Friday, December 6, 2019

USA and Russia scoop the Fossil Award, but also a Ray awarded for defending human rights in Article 6



At the UN Climate Conference on Thursday evening, December 5, it was a bit of both sides of the ledger day for Australia. The country was mentioned in brackets with Japan for focussing on insurance in the Fossil citation for USA and Russia, but also part of the Ray of the Day citation on standing up for Human Rights clauses in Article 6 on carbon markets.

The Official #FossiloftheDay and #RayofTheDay citations December 5 at #COP25:

1st ๐Ÿ‡บ๐Ÿ‡ธ๐Ÿ‡ท๐Ÿ‡บ US & Russia for pushing for weak #LossandDamage outcome

Special mention:
๐Ÿ‡ฏ๐Ÿ‡ตJapan and ๐Ÿ‡ฆ๐Ÿ‡บ Australia for focusing on insurance

⭐Ray of the Day
Canada, Colombia, Vanuatu, Mexico, New Zealand, Australia, Norway, Switzerland - push for HR in #Article6



Official Citation

Today’s winners of fossil of the day are two giants of bad behavior. Guess who? Who else! The United States (US) and Russia!

The US and Russia

Looks like the United States (US) and Russia share more than the ability to bully other countries, rig elections (and lead in climate-wrecking oil and gas production)! They want to make loss and damage in the negotiations weak again!

The US gets the fossil for opposing that money reaches vulnerable communities, through the Warsaw International Mechanism (WIM) for Loss and Damage, to deal with climate change impacts, which Uncle Sam has helped cause by being a massive polluter.

Russia gets to share the fossil award with the US for having the chutzpah to try and throw out human rights and gender from the loss and damage negotiations.

The US folks seem to have a very short memory. They’re forgetting that waaaay back in 2013, countries agreed to “enhance action and support, including finance” for loss and damage via the WIM.

And Russia, come on! A record of human rights abuses both at home and blatantly at the international level? This is an overdose of bad Vodka! You cannot revoke people’s right to life, to a home and education, with a stroke of a pen.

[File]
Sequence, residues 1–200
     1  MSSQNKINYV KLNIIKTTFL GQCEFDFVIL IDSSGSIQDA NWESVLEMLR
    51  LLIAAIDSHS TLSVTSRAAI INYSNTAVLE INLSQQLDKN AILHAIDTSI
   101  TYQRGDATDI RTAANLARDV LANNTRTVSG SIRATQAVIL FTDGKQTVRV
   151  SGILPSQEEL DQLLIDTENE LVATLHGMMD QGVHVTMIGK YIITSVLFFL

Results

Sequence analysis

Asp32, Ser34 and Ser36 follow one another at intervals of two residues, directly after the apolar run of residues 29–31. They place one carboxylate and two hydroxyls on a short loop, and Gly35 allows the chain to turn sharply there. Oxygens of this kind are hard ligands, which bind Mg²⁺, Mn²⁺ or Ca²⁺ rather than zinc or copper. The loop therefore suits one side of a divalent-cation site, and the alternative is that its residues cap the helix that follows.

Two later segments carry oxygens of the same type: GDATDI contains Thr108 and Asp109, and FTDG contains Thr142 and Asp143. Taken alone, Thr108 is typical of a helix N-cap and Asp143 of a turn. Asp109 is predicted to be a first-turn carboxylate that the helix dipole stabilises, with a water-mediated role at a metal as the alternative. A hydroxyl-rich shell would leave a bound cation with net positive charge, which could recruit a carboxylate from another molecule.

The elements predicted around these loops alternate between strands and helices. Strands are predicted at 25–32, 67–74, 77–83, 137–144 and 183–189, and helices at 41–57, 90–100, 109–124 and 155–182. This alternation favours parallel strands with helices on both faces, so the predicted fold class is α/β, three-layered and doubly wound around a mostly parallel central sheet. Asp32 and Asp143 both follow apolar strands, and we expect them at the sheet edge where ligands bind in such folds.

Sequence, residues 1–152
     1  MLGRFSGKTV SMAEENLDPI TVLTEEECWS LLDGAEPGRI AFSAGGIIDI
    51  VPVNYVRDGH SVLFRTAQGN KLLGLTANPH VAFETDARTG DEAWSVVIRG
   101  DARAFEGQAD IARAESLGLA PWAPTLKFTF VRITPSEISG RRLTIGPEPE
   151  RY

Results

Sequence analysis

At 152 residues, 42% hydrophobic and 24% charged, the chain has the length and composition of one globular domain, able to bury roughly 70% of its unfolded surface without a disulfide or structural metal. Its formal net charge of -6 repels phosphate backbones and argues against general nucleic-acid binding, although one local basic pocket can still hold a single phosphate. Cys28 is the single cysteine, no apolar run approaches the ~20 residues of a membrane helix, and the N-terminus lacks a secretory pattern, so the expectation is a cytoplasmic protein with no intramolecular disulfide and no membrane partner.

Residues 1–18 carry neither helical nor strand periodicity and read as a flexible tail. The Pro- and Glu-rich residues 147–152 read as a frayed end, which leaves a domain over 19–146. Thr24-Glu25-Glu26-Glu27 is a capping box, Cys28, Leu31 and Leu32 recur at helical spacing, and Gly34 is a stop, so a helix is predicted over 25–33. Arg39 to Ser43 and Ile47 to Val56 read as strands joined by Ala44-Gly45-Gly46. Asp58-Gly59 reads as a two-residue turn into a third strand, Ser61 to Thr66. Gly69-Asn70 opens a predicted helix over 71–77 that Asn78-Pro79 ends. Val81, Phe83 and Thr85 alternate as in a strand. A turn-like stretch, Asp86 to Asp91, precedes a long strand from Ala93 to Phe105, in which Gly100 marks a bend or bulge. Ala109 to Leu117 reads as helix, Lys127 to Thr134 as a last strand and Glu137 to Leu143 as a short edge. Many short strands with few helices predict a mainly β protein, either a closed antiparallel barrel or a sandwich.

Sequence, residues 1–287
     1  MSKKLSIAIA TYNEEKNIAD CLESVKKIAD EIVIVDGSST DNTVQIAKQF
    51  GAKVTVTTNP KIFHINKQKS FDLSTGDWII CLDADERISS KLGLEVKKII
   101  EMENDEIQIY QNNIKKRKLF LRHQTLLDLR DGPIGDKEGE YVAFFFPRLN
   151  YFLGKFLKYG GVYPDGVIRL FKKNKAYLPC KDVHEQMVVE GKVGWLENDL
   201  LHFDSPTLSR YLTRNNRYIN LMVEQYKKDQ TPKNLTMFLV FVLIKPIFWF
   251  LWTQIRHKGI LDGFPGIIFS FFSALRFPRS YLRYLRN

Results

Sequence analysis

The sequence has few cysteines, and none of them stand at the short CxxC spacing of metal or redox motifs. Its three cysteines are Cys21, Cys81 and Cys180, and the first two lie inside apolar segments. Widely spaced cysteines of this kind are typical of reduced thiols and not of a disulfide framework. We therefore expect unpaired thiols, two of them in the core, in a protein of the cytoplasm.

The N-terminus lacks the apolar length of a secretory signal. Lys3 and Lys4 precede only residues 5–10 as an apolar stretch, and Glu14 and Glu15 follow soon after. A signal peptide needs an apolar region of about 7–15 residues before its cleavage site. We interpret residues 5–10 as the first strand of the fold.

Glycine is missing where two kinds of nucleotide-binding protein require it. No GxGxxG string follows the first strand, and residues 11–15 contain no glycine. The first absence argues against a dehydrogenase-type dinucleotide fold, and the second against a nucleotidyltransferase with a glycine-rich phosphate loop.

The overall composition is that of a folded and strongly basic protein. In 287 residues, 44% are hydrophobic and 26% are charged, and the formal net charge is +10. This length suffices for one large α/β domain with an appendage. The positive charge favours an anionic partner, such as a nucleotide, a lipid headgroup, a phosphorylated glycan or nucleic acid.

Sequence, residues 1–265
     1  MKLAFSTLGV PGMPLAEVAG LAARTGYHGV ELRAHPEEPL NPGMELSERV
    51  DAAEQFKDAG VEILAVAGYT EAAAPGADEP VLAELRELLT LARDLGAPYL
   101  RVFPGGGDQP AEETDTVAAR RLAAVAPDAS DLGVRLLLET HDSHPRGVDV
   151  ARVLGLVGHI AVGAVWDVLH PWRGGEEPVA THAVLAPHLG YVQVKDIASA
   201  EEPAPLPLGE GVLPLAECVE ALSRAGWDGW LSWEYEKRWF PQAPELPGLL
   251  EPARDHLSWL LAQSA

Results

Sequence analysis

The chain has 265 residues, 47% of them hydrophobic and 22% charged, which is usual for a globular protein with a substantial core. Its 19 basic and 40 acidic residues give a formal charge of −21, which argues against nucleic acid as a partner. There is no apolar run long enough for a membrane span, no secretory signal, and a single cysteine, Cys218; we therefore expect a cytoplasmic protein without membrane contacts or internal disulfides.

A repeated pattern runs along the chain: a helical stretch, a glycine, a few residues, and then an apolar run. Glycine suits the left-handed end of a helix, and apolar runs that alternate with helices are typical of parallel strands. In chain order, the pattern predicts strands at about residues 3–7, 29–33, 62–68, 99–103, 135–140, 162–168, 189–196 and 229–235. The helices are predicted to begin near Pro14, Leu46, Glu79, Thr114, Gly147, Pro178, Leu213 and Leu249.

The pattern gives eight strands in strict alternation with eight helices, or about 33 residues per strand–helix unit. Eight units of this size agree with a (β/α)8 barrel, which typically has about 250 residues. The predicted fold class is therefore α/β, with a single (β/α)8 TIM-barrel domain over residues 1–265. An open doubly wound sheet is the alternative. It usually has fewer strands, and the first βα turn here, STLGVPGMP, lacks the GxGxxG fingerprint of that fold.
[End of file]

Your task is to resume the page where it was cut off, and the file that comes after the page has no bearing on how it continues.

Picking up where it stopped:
Hey Russia if you don’t understand how gender, human rights and gender are related, maybe you shouldn’t be part of this conversation?

All these basic human rights are at risk when the impacts of climate go beyond what it is possible to adapt to. If Russia paid more attention, they would know that women and children are amongst the most affected after a disaster.

A special mention goes to Japan and Australia. You are also showing extreme hard-heartness towards vulnerable developing countries who desperately need your support. Support – aka finance that was agreed six years ago. Don’t find ridiculous reasons not to provide it now by focusing on insurance (insurance is not relevant for poor people - and why are we making the people on the front line of climate impacts pay insurance premiums to cover climate damage they had no role in causing?)

Ray of the Day for insisting on Human Rights provisions in Article 6



A few countries gave us some hope in these negotiations. We are giving Canada, Colombia, Vanuatu, Mexico, New Zealand, Australia, Norway, and Switzerland the Ray of the Day for insisting on human rights in provisions of Article 6 regulating global carbon markets. There is no ambitious climate action without justice as well as respect for gender and human rights. All these countries need to keep pushing for the inclusion of human rights and gender considerations until rules are adopted in Madrid.

All countries signatories to the UN Declaration on the Rights of Indigneous Peoples, are legally obliged to do more. They must push for the inclusion of Indigenous Rights in the text and vocally recognize and demonstrate respect for Indigenous Rights and their right to sovereignty in their home countries.

Watch the Facebook Livestream video:



About the fossils:
Every day at 18:00 local time you can watch the Fossil ceremony in Hall 4 during COP25.

The Fossil of the Day awards were first presented at the climate talks in 1999, in Bonn, initiated by the German NGO Forum. During United Nations climate change negotiations (www.unfccc.int), members of the Climate Action Network (CAN), vote for countries judged to have done their 'best' to block progress in the negotiations in the last days of talks.

About CAN:
The Climate Action Network (CAN) is a global network of over 1,300 Non-Governmental Organizations (NGOs) in more than 120 countries working to promote government and individual action to limit human induced climate change to ecologically sustainable levels.

Photos:

Fossil award by John Englart/Climate Action Network
RayoftheDay by David Tong/WWF-NewZealand

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